"I was scared of falling asleep," Tatnall Staufer said. "I was most afraid of sending my climbing partner home alone and of what he'd have to face if I didn't make it out of there OK. I was also afraid of putting the lives of others on the line to save mine, as I knew the area I was in was dangerous and not ideal for a rescue. I was worried for my husband, who knew I was 10 weeks pregnant, and what would happen to him if I didn't come home."
Because of her elevation and location on the mountain, and the severity of her injuries, which also included broken ribs, a fractured patella, shattered right foot and hypothermia, it was deemed too risky for a ground search-and-rescue team to attempt to carry her off the mountain. Instead, at 6:01 p.m., Talon 39, a Black Hawk helicopter and crew of four Soldiers from the High-altitude Army National Guard Aviation Training Site (HAATS) in Gypsum, Colorado, was called to duty for its second mission that day.
After refueling at Alamosa Airport following the rescue of two women near Blanca Peak in Huerfano County less than two hours prior, the Guardsmen picked up volunteer SAR team members at Silver West Airfield near Westcliffe, and made their way toward Crestone Peak.
"Sitting out there on the mountain for hours awaiting rescue, knowing a helicopter is on the way, you actually start to hear it in your head – confusing the sounds of the rushing water next to you with that of what could be a helicopter," Tatnall Staufer said. "You scan for it and are constantly looking for it. …"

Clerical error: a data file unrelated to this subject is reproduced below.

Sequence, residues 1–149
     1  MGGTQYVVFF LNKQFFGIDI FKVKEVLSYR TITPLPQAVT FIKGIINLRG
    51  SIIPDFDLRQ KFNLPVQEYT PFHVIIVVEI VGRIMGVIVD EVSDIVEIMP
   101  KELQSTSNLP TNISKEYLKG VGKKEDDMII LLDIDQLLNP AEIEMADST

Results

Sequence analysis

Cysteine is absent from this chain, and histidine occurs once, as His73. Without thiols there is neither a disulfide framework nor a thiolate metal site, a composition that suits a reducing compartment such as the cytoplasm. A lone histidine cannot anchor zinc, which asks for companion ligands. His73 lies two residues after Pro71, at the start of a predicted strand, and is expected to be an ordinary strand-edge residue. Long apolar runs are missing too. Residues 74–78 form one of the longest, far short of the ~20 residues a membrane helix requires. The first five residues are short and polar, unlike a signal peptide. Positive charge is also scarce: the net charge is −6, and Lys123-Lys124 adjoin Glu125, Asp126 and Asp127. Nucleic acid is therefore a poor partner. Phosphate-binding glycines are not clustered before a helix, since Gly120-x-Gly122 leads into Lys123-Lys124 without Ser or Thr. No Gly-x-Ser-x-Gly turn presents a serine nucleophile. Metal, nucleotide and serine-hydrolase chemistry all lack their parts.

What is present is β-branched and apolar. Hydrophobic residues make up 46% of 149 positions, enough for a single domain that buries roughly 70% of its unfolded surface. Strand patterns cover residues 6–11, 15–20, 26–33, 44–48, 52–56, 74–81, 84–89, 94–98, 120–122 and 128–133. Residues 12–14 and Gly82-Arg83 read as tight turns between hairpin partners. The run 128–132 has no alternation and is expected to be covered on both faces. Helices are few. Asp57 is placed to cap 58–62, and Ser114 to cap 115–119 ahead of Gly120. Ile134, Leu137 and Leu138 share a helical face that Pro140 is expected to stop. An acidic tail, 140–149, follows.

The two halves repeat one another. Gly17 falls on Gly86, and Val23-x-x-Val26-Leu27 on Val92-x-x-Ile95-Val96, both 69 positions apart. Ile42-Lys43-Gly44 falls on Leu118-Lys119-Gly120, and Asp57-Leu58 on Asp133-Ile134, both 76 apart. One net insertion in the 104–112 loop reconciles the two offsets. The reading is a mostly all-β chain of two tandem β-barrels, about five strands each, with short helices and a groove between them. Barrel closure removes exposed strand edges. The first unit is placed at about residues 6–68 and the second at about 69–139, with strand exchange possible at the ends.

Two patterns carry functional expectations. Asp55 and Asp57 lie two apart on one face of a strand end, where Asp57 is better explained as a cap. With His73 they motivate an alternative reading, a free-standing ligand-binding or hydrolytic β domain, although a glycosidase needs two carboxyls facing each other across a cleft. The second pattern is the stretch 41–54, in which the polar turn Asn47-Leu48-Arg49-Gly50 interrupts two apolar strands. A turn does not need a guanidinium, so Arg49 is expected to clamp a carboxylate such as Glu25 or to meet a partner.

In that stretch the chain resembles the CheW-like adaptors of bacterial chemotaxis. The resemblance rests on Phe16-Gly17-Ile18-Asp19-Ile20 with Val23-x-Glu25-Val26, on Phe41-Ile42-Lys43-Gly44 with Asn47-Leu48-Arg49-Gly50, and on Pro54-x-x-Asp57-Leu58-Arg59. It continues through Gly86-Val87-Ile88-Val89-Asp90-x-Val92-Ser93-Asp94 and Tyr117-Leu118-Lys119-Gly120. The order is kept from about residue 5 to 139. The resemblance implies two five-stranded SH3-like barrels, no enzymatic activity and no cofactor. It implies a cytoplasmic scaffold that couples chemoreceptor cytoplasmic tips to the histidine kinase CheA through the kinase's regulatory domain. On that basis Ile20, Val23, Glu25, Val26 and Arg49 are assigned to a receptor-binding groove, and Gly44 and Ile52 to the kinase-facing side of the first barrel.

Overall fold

It was late afternoon when Talon 39 dropped off the first two SAR teams, Custer County Search & Rescue and Saguache County Search & Rescue, about 1,000 meters below Tatnall Staufer and Vonnahme, said Colorado Army National Guard Chief Warrant Officer 4 David Gates, one of the two Black Hawk pilots.
"The survivors were on the leeward side of the mountain, in a steep drainage on an island of sorts made of one large rock and running water on both sides from the melting snowpack above," said Army National Guard Lt. Col. Tony Somogyi, HAATS commander. "There was no place to land near the injured party, so the team was inserted as close as possible to them and would have to traverse the couloir to make contact."
The mission of these civilian volunteers: make their way up that thousand meters – 500 of them being 30- to 65-degree rocky snow-and ice-covered mountainside – begin medical treatment, and package Tatnall Staufer to be hoisted off the mountain via helicopter.
A waning crescent moon a canopy of stars began their show in a darkening sky when they reached Tatnall Staufer and Vonnahme.
In the meantime, the HAATS crew departed to pick up members of the Western Mountain Rescue Team, with whom the aviators trained for hoist operations earlier in the year, at Poncha Springs Airfield.